bipartisan: of, relating to, or involving members of two parties
nonpartisan: not partisan especially: free from party affiliation, bias, or designation
Are these dirty words? I’d like to think not, in spite of what seems to be the messaging appearing on the nightly news, nationally and locally.
Lack of bipartisanship, for example, creates many problems.
- A Supreme Court nomination held up for more than a year and then discarded.
- Other Supreme Court nominations decided on strict party line votes.
- Inability to make progress on health care, gun regulation, immigration, and a host of other issues.
- State restrictions on home rule.
- Immigrant sanctuary cities; gun sanctuary cities.
The list could be extended for pages. Bipartisan sure seems to be a distasteful word for many. The rhetoric is harsh, uncompromising, nasty. I understand differences of opinion on issues. I don’t understand inability to listen to opposing views and work together to reach a compromise. Sure, no one gets everything they want, but everyone gets something. Is that so bad? Especially given the current situation where heels are dug in and nothing gets resolved? Where decisions are based on the next election rather than the good of the community?
The truth is, bipartisan is not a dirty word. And in spite of what I’ve said, I realize there is effort by some legislators at all levels of government to forge relationships that can lead to cooperation. We’ve seen attempts on immigration and gun safety, for example, where some Republicans and some Democrats have worked together to propose solutions. Not perfect, but better than nothing. Unfortunately, lack of bipartisanship killed those attempts. And I’m afraid that has discouraged other compromises.
I heard a talk by a congressional representative. He said true bipartisanship does work on 60% of the legislation that arises, a statement backed by others present, both Republican and Democrat. Unfortunately, it’s the 40% remaining that deal with the major issues. But I give credit to anyone attempting such an effort on anything.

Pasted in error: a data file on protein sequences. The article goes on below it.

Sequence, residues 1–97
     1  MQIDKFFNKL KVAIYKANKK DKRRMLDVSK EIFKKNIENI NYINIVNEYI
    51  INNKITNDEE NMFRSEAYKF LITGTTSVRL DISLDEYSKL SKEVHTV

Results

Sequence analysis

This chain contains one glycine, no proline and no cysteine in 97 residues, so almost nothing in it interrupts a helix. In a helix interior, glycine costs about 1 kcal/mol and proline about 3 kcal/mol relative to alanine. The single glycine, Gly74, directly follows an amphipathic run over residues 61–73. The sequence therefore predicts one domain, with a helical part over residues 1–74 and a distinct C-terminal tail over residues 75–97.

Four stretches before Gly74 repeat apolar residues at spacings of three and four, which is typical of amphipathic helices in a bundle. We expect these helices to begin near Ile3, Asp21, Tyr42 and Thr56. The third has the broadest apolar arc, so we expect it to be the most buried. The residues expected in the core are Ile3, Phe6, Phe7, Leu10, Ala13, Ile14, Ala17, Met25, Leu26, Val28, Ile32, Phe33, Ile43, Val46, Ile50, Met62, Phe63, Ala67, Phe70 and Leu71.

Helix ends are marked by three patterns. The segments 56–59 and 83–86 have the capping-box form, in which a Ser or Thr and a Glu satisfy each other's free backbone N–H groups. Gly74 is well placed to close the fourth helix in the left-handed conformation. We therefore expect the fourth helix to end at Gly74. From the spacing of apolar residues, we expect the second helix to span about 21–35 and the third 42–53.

I think the public has to demand a bipartisan approach to find solutions to national and local problems. To do that, though, we all have to be willing to compromise, to distance ourselves from “my way or the highway.” Can we do it? I’m not sure. We are all so smug in our correctness, no matter which side we’re on. But if we don’t show the way, I don’t think we can expect our representatives to lead.
Now what about the other word: nonpartisan? That’s a different animal. To be nonpartisan you have to step away from the two parties, to look at issues only and take stands independent of political consequences. It means you work with anyone who will assist with the issues of importance to you.
Many organizations have adopted the nonpartisan philosophy. There are hundreds in this category, including the American Civil Liberties Union, the Brady Campaign, the League of Women Voters, and the National Association of Towns and Townships.
This means they will work with Democrats when it advances the causes in which they believe, and with Republicans for the same reason. It means they won’t stand only with Democrats on causes also embraced by Republicans, and vice versa.
It seems to me true nonpartisanship is a courageous approach to dealing with our ills. We could all use a dose of it.
Both bipartisan and nonpartisan are noble concepts in different ways. They are signs of hope. We should demand more of both.
Unless you want the current situation in our country to continue.
May you all have the very happiest of Thanksgivings!